American workers paid out record levels of federal tax in January, with the U.S. Treasury collecting over $1 trillion between October 1st to January 31st, the opening months of 2017 tax year.
Yet, the government still ran a deficit of $157 billion, well above initial targets.
Adjusted for inflation, the total figure stands at a staggering $1.082 trillion, a $5.6 billion increase compared to the same period in 2016, averaging $7,133 per worker.
According to the Monthly Treasury Statement, over half of tax revenues, $550 billion, came from individual income tax. Social security payments and payroll taxes took in $360 billion, while corporation tax amounted to $84 billion, less than 10% of the total figure.
Federal tax rates have risen significantly since the Obama administration took office in 2008. In December, it emerged that in the eight years of the Obama administration, the national debt rose by $7.917 Trillion, a 68 per cent increase on what George W. Bush accrued by the end of his presidency.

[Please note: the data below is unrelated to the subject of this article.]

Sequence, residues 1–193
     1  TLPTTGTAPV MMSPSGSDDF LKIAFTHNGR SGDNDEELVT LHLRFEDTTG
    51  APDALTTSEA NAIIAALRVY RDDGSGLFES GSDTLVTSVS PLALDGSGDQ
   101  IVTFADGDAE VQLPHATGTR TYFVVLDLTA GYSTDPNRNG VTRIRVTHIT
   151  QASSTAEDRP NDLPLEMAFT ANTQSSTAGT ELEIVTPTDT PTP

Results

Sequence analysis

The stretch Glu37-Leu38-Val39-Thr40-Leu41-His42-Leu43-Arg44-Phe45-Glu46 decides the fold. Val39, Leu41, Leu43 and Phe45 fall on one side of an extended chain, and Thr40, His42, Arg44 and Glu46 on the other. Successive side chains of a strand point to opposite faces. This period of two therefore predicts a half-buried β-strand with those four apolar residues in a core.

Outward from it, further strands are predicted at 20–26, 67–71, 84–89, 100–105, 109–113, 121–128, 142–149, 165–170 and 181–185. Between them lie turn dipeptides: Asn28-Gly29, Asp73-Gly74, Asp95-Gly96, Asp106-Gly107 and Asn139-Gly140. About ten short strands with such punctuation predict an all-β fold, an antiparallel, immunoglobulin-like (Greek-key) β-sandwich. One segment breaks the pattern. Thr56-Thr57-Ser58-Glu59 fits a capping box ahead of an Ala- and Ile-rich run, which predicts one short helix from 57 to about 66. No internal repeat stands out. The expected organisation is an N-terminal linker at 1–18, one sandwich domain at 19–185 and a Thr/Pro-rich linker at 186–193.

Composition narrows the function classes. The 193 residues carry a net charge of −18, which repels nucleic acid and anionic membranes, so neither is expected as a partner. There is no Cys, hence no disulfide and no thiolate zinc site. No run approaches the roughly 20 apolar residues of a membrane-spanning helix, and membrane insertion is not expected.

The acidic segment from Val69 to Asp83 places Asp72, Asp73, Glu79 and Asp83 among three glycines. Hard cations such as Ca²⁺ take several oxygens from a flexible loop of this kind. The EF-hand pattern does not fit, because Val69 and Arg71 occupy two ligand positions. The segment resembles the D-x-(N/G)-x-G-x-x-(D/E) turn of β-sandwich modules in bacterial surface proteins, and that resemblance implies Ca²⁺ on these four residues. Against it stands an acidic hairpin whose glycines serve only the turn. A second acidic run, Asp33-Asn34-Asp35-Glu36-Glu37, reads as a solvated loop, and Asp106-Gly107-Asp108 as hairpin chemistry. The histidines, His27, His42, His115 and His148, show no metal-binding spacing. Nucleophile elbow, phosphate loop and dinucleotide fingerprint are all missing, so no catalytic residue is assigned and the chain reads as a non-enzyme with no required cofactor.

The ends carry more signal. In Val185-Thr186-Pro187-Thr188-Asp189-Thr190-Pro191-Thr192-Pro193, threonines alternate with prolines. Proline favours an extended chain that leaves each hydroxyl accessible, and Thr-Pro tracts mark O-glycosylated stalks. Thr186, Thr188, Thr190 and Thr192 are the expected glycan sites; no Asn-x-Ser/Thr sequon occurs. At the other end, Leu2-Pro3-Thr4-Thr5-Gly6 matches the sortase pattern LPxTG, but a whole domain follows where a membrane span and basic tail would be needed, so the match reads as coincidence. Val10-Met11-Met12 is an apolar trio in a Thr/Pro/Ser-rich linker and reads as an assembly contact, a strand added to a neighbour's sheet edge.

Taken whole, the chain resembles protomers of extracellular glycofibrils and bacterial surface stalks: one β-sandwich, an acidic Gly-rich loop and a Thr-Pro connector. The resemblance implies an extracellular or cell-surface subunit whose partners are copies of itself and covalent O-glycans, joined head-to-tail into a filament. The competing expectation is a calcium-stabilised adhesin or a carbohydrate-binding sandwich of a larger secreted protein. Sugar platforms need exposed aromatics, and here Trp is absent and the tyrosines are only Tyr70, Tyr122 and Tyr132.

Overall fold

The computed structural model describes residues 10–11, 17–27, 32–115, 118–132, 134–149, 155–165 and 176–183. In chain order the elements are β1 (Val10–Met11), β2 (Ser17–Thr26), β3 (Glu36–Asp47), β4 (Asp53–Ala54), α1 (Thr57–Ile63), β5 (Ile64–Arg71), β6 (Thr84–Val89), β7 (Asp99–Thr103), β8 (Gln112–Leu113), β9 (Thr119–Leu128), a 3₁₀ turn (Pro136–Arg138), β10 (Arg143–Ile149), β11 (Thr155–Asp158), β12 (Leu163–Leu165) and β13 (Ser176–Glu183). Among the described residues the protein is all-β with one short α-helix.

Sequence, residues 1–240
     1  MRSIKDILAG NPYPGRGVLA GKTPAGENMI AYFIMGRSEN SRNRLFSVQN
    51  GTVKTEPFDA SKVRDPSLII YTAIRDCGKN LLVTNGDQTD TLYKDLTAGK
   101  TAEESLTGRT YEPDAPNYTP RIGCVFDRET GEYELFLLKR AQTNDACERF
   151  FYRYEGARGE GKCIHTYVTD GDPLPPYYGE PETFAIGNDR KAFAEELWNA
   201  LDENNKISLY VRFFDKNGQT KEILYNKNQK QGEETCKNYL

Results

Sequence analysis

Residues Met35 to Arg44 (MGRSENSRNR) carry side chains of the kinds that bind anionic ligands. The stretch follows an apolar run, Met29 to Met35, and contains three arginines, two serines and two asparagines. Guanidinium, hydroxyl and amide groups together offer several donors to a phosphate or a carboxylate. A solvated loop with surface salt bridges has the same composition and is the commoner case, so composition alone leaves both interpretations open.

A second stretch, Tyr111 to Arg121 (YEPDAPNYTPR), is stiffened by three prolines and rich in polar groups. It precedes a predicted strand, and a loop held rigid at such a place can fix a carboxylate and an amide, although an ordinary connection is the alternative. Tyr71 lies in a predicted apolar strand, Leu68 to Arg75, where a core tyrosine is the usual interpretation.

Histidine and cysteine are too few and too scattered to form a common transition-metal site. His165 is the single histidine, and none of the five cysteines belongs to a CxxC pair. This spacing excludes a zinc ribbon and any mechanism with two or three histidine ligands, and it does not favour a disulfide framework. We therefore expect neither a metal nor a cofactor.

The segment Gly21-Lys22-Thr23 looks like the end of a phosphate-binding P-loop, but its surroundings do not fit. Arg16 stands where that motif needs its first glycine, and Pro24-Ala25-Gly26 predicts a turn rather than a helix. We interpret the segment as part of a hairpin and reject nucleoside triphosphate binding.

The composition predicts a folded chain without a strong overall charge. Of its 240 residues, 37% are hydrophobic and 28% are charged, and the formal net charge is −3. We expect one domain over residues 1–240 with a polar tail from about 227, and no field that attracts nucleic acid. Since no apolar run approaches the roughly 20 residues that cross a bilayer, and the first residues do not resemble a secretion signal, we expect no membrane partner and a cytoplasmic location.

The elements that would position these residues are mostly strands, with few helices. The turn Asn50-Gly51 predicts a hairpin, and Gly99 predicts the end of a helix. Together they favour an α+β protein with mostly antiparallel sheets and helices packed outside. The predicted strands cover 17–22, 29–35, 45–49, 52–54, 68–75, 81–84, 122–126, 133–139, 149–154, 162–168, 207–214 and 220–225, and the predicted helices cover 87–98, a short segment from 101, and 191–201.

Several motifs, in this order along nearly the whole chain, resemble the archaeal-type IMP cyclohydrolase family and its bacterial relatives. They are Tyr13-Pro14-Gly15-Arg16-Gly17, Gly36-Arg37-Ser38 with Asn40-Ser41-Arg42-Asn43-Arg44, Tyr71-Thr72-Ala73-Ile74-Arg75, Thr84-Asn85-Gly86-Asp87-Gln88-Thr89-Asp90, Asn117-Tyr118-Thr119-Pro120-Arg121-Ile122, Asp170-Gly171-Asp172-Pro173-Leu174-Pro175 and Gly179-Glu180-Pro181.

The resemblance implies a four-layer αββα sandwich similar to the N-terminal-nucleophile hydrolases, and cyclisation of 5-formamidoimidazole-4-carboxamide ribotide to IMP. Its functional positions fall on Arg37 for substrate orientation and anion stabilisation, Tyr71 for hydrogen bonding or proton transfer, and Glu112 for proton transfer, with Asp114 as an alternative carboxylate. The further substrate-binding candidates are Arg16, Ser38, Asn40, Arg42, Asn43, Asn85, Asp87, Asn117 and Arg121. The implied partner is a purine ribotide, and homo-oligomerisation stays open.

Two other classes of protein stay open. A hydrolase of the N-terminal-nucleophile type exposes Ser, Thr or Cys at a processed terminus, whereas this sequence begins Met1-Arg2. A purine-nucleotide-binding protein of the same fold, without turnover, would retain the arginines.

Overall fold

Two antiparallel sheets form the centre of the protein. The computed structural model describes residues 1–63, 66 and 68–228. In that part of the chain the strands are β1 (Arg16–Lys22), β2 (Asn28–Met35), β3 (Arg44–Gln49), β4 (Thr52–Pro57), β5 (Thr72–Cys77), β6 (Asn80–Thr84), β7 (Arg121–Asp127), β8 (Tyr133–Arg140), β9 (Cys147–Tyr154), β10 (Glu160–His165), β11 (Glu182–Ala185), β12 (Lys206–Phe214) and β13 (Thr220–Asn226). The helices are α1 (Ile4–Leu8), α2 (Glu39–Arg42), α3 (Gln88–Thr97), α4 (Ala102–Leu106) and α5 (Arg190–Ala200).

Last year also saw a year of mass regulation imposed by the Obama administration, with an average 18 regulations added for every new law, and a record 97,000 pages of rules printed in the Federal Register.
President Donald Trump has promised significant tax breaks for both individuals and companies, as the new administration looks to boost competition.
“We are going to be cutting taxes massively for both the middle class and for companies,” Trump said in a meeting with business leaders in January. “And that’s massively. We’re trying to get it down to anywhere from 15 to 20 percent.”